The turnaround element on the Thunderbolt changed a couple times in preview photos during this past winter, and I'm really happy with the element they stuck with in the end.  The train heads up into a large corkscrew, but then once inverted immediately starts to dive downward toward the ground.  The train is still moving at a good clip at this point, so the entire twisted element is taken quickly, which is extra disorienting.

Immediately after the inversion turn-around, the train hits an air-time hill at a great speed, and that hill gives some serious negative-gs!  If you look at the photo above you can see that the riders are in full 'hair-time' mode, showing just how forcefully the train pulls you down.  It's definitely one of the great parts of the ride.

The Thunderbolt then hits a second air-time hill, followed by a corkscrew taken close to the ground.  The train spins its way through the inversion, the 4th if you're counting, gives one more pop of air on a final hill and makes its way into the brakes.  The ride is fast and intense, and although you can see the layout clearly from around the ride the experience leaves riders unsure of exactly what will come next.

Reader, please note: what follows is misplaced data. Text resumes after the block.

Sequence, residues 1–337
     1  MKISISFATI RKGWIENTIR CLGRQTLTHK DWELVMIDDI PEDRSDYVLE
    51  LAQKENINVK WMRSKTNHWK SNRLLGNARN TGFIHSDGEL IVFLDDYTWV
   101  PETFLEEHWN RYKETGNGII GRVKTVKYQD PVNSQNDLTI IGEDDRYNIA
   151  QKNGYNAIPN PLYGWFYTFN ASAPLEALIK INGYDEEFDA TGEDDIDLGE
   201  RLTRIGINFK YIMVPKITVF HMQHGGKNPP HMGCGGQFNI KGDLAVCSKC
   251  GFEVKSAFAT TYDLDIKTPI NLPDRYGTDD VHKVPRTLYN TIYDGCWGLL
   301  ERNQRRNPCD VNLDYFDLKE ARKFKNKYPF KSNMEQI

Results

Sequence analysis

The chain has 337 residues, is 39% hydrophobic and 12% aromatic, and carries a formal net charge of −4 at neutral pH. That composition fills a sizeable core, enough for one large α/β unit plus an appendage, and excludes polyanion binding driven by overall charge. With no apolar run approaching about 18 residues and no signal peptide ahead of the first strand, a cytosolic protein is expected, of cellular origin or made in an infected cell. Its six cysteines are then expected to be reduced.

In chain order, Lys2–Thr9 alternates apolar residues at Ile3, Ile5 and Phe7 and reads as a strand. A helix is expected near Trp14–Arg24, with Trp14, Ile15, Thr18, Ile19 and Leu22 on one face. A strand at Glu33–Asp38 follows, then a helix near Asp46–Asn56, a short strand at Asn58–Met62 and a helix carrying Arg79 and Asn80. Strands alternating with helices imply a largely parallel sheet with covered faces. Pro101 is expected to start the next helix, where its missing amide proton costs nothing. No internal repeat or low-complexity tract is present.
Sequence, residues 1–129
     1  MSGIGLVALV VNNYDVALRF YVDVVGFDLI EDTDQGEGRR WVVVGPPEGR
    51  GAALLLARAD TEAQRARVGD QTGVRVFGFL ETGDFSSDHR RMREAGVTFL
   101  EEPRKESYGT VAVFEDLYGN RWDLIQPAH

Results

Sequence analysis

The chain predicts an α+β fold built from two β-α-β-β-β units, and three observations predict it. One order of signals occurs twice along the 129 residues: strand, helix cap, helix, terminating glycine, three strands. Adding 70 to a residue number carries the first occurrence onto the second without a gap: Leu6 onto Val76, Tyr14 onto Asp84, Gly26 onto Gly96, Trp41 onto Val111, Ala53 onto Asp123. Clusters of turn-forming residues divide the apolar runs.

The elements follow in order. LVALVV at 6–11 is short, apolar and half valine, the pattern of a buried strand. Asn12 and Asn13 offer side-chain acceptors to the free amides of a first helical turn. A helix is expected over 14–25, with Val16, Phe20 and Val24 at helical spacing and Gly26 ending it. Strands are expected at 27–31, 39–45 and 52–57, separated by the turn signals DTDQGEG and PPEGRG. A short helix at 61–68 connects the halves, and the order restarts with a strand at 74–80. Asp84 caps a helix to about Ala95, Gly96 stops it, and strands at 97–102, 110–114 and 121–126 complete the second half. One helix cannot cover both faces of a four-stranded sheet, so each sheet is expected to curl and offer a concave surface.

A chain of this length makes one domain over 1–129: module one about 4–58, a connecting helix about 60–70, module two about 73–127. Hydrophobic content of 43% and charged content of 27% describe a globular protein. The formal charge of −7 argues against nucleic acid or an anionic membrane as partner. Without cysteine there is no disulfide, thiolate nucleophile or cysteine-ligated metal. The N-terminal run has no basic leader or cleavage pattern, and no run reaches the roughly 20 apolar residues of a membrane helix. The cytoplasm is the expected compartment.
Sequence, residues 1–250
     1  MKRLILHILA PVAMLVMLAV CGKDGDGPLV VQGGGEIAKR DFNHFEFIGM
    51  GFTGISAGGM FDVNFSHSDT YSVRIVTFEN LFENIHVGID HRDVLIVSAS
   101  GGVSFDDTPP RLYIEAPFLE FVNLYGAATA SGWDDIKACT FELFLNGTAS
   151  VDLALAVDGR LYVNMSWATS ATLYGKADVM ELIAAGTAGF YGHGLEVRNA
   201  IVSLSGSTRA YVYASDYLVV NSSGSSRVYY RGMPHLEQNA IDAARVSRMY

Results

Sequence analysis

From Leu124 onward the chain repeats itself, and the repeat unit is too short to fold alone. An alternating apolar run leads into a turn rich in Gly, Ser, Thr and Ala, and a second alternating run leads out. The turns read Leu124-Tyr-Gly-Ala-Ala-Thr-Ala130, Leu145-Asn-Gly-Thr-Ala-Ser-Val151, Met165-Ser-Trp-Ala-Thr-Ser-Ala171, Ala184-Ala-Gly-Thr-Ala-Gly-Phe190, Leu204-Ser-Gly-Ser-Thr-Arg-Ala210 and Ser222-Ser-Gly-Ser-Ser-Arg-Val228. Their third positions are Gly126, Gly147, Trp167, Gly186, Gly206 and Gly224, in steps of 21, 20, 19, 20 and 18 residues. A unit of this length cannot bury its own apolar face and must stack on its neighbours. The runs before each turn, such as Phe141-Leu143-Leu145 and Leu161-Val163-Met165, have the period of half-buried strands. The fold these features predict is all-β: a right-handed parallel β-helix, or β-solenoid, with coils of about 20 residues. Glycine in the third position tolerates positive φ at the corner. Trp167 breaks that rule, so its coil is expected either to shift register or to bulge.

I wanted to include this shot of the area surrounding the boardwalk in Coney Island to show just how nice it has become over the past few years.  For a long time many would have looked at me sideways when I said I wanted to go to Coney Island, but now so much has changed for the better.  Just going off the amount of English accents we heard while walking around, it seems the tourists have come back in a major way, too.

While Thunderbolt is the star attraction this year, there's been plenty going on as far as development goes in recent Summers as well.  Here is the B&B Carousell, which has been fully restored and given a home fitting of Coney Island.  The area behind it and before the famous parachute tower now has a great pop-jet water fountain, which kids (and some adults) were loving when we visited.